Rechargeable batteries contain metals such as cadmium, which can be harmful to the environment. They are classified as hazardous waste and they must not be disposed of with general waste.
Batteries - Rechargable
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Rechargeable batteries commonly contain toxic metals such as nickel-cadmium (NiCad), nickel-metal hydride and lithium-ion, which can harm the environment by contaminating soil and groundwater. Used rechargeable batteries are classified as a hazardous waste under the Hazardous Waste Act 1989 and they must not be disposed of with general waste.
There are a number of collection and/or recycling programs accepting rechargeable batteries.
What Happens When It’s Recycled?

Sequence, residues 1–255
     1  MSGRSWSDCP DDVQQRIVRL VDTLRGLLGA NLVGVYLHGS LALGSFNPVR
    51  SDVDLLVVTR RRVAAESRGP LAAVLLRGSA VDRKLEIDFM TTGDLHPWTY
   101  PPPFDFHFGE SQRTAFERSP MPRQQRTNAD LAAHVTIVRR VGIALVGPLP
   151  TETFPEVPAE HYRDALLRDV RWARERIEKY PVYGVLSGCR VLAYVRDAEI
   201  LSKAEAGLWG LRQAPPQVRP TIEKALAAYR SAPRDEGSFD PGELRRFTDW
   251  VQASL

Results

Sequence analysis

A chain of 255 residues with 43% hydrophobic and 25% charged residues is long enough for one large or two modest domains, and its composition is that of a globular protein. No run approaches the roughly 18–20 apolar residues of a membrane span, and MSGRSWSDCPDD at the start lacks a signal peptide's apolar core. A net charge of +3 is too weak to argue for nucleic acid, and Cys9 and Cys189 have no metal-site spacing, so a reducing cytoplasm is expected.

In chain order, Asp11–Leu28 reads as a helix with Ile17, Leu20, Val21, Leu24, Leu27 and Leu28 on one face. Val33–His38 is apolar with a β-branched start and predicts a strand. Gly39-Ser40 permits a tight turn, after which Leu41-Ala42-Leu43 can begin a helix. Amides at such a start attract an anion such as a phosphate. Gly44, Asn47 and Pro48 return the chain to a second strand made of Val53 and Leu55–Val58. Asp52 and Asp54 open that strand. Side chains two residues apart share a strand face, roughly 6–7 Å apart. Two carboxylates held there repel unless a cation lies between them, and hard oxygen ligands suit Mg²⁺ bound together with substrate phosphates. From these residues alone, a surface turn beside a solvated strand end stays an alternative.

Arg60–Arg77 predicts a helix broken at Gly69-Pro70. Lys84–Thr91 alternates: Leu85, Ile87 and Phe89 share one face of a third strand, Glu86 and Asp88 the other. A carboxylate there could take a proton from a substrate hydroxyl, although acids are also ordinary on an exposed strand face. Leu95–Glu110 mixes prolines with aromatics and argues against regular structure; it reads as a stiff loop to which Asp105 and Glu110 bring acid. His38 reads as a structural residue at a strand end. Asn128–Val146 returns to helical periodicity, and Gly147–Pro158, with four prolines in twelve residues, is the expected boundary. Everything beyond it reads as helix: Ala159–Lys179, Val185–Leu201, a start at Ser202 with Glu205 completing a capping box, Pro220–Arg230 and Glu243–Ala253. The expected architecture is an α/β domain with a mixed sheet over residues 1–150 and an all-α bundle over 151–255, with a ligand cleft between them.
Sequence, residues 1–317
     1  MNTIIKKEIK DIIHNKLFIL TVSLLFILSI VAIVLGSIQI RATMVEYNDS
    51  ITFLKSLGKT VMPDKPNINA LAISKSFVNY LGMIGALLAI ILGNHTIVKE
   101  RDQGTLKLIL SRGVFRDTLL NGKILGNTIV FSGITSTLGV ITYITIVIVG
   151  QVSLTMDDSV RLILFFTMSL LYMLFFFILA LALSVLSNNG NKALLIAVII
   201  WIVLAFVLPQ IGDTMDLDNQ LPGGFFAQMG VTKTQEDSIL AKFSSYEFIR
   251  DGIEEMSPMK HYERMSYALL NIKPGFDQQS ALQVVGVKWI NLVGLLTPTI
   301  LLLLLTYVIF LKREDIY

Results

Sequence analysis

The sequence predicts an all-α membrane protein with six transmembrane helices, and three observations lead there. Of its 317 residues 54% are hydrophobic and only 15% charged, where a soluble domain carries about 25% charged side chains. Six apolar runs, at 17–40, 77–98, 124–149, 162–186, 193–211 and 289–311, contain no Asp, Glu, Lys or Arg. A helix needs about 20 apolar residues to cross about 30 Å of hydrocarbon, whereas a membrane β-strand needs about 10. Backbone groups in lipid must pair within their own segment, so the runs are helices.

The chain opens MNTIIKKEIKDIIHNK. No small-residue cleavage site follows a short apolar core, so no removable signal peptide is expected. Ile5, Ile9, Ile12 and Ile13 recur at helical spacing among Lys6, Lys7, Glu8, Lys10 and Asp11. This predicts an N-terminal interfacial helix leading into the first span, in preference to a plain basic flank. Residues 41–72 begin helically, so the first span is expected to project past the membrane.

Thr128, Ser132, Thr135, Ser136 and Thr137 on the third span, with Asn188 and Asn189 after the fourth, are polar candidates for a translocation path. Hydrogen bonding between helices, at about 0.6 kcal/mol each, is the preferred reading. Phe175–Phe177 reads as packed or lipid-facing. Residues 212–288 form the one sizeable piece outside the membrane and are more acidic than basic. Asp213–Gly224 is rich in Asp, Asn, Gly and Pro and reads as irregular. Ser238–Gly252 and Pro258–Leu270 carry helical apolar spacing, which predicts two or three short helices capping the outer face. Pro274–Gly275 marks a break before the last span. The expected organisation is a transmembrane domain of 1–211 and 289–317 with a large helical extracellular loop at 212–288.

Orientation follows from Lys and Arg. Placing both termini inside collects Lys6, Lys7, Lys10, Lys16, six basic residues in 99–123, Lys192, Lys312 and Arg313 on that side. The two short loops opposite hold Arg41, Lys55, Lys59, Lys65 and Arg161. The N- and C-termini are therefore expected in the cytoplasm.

After batteries are collected, they are sorted by their types and components then sent to licensed recycling facilities in Australia and overseas for processing. The nickel-cadmium, nickel-metal hydride and lithium-ion components in rechargeable batteries can all be recycled. The recovered metals are made into other products, while the cadmium can be returned to battery manufacturers to create a fully closed loop recycling system.
More Info & Sources
Responsible Recycling of Used Nickel Cadmium Batteries: How to manage the environmental, financial and reputational risks
ABRI has prepared a short brochure outlining the basic requirements for the management of used nickel cadmium batteries. This resource has been developed to help mechanics and electricians manage their business risks, avoid legal prosecution, protect the health and safety of workers and the general public, and to avoid environmental damage from spills or accidents.